Mesenchymal stromal cells (MSCs) are resident adult stem cells that have been identified in virtually all human tissues including bone marrow (BM), peripheral and cord blood (CB), dental pulp, liver and skin [101]. This explains their critical role in tissue repair and regeneration despite the differences observed in their population numbers, cell profiles and proliferation rates [102,103]. MSCs are characterized by self-renewal and differentiation capacity both in vitro and in vivo. However, their plasticity and heightened capacity to differentiate into endoderm and ectoderm cell layers have made MSCs of great interest for cell-based therapies in the field of regenerative medicine [104,105,106]. Although MSCs are known to be mediated through cell-cell communication, their secretome-rich cytokines, chemokines, micro-RNA, as well as different growth factors, involved in biological pathways, including cell proliferation, differentiation, migration and senescence [107,108], make them particularly suited to use in cell-based therapies. These secretomes are made up of extracellular vesicles (EVs) including exosomes [109,110,111], which can be characterized using specific International Society for Cellular Therapy (ISCT) guidelines. According to the ISCT, while positively expressing the stromal markers CD73 and CD105, MSCs negatively express the hematopoietic markers CD14, CD34 and CD45 [112]. MSCs are plastic-adherent cells of a fibroblast-like morphology capable of long-term expansion in culture and tri-lineage differentiation potential into osteogenic, adipogenic and chondrogenic progenitors. However, their immunogenicity is the most important reason for using MSCs in cell-based therapies. MSCs are immunosuppressive and inhibit T cell activation due to the lack of major histocompatibility complex (MHC) II [113,114]. Given the impaired expression of CD80 and CD86 in dendritic cells, in addition to B cell proliferation and differentiation, MSCs offer great potential for use in allogeneic transplantation [115,116]. Despite the usefulness of these criteria for identifying MSCs, these cell populations are reported to be heterogenous with regard to their non-clonal proliferation, differentiation potencies, stromal stem cell profiles and committed progenitors [117,118]. These differences appear to be related to their tissue origin and to the cell separation and culture expansion techniques used [119,120]. Thus, the complex composition of the exosomes released is markedly influenced by initial local cell crosstalk and microenvironmental priming.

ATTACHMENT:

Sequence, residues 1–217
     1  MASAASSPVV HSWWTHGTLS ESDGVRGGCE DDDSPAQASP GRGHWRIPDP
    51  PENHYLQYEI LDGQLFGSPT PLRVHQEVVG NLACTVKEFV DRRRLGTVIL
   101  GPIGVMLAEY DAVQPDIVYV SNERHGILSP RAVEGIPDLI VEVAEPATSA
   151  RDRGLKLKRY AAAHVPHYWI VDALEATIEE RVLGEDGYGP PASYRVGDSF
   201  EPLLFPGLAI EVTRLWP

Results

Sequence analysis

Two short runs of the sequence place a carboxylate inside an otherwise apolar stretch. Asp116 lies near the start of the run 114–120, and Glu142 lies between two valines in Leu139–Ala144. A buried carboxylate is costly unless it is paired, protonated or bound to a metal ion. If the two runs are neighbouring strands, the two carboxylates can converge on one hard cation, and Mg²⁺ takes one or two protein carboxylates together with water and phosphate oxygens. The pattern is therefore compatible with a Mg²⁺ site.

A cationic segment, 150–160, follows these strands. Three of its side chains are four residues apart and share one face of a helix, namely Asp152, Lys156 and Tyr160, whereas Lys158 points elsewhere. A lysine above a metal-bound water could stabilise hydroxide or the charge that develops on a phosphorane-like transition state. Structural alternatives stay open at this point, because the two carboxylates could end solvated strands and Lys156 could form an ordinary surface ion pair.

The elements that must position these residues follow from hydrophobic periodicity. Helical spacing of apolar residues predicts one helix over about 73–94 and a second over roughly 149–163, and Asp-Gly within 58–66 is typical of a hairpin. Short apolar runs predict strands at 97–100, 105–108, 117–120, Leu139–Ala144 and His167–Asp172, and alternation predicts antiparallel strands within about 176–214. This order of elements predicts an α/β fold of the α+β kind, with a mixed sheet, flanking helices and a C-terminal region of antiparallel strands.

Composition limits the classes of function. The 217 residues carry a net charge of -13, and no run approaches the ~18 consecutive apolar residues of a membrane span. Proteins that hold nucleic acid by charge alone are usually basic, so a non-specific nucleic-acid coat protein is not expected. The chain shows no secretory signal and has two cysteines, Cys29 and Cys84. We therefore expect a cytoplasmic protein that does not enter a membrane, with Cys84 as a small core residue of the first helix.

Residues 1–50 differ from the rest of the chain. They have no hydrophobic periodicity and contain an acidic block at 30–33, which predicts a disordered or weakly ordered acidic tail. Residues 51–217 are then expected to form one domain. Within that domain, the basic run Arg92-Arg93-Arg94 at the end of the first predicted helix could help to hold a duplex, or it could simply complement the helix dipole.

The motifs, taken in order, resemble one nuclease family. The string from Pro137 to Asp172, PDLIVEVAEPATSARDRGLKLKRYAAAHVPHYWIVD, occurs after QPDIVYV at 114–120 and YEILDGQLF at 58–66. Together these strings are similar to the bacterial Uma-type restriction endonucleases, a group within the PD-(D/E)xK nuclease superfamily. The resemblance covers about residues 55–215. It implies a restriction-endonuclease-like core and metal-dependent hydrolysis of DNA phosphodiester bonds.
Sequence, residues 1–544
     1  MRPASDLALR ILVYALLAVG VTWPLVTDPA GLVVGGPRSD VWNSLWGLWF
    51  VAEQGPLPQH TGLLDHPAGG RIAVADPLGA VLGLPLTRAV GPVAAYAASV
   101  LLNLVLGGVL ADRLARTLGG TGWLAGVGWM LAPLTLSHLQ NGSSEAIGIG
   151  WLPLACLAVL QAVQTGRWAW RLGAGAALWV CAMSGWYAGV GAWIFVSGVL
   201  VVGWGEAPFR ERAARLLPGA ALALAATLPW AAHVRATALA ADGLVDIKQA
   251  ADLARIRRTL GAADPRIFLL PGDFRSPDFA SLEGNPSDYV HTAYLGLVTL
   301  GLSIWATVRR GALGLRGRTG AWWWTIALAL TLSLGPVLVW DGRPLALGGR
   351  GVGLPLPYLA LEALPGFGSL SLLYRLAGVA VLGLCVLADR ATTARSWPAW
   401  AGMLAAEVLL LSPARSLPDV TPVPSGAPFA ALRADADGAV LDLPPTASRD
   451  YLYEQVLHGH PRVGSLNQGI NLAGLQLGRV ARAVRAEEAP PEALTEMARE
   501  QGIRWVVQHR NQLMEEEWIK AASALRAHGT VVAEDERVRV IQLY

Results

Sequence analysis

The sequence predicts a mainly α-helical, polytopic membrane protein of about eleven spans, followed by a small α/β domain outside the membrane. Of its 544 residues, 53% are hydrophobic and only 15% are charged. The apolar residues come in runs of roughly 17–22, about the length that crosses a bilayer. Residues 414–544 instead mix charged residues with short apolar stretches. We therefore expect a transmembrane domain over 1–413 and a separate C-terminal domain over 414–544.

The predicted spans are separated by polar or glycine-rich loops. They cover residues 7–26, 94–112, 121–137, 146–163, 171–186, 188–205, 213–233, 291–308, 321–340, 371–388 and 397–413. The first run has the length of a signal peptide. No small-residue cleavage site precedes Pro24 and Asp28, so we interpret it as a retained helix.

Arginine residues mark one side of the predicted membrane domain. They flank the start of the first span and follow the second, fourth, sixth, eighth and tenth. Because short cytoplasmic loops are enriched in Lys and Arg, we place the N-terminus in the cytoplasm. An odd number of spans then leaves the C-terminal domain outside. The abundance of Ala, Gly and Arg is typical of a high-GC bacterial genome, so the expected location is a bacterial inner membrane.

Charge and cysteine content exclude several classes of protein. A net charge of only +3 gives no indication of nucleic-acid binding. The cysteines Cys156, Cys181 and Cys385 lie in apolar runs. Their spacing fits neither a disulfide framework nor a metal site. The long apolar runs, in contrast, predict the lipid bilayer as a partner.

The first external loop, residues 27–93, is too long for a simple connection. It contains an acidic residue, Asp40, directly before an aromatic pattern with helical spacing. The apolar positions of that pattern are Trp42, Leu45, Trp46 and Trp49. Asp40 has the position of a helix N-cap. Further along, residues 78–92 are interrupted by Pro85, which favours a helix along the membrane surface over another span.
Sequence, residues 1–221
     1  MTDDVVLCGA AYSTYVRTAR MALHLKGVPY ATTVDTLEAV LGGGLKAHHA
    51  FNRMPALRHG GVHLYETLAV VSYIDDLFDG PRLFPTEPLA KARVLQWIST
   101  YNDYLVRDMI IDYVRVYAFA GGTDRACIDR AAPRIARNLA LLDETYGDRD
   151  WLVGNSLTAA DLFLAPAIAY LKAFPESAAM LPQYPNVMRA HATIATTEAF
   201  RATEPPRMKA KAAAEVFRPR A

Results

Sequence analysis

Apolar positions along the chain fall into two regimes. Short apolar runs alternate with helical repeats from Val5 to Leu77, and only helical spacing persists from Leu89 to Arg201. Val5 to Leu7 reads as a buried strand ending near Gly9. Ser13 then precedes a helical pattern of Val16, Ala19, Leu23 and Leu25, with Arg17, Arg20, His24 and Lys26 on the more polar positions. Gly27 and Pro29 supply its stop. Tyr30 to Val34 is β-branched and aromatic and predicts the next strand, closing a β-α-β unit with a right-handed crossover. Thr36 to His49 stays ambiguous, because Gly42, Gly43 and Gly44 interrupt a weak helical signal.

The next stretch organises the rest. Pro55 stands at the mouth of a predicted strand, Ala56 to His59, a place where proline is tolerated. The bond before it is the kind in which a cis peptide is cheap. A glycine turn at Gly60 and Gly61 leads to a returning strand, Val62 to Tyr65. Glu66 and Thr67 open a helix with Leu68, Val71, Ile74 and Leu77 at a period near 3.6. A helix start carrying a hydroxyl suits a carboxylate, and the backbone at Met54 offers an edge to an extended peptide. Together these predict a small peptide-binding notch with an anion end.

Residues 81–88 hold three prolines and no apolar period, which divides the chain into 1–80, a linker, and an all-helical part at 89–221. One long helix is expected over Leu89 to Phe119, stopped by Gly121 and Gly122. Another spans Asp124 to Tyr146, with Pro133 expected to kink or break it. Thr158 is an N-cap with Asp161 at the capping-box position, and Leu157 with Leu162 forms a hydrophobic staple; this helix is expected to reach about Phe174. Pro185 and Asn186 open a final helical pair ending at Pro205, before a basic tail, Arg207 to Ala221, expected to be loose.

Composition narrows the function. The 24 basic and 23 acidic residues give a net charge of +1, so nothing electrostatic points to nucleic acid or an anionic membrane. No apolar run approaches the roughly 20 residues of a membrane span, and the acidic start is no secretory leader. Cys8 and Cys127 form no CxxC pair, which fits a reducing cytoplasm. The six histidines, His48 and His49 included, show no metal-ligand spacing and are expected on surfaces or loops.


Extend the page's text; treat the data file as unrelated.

Despite clinical successes, consistency and safety issues remain a matter of debate [86,121]. MSC-derived exosomes present in conditioned media are considered an alternative to MSC-based therapies due to their superior efficiency and scalability [122]. More than 200 preclinical studies have been published as of July, 2020, on the applications of MSC-derived exosomes to a wide range of pathologies including neurological, cardiovascular, immunological and kidney diseases ( MSC-derived exosomes obtained from different sources, particularly human bone-marrow (hBM) and human umbilical cord perivascular cells (hUCPVCs), have proven to have an impressive effect on neurological tissues, blood–brain barrier stability in lipopolysaccharide-induced neuroinflammation and on reactive astrogliosis [123,124,125]. Emerging evidence suggests that neurological disorders can be successfully treated by exosome-based therapy when the auto-regenerative capacity of the central nervous system (CNS) is limited [126,127,128]. BM-MSC-derived exosomes and human umbilical cord (hUC) MSC exosomes are also effectively used for cardiac tissue neovascularization following ischemic injury [129] and for endothelial function enhancement, respectively [130,131]. Similarly, liver function is ameliorated by MSC-derived exosomes through the epithelial–mesenchymal transition (EMT) of hepatocyte and collagen production and through serum aspartate aminotransferase restoration [132,133,134,135].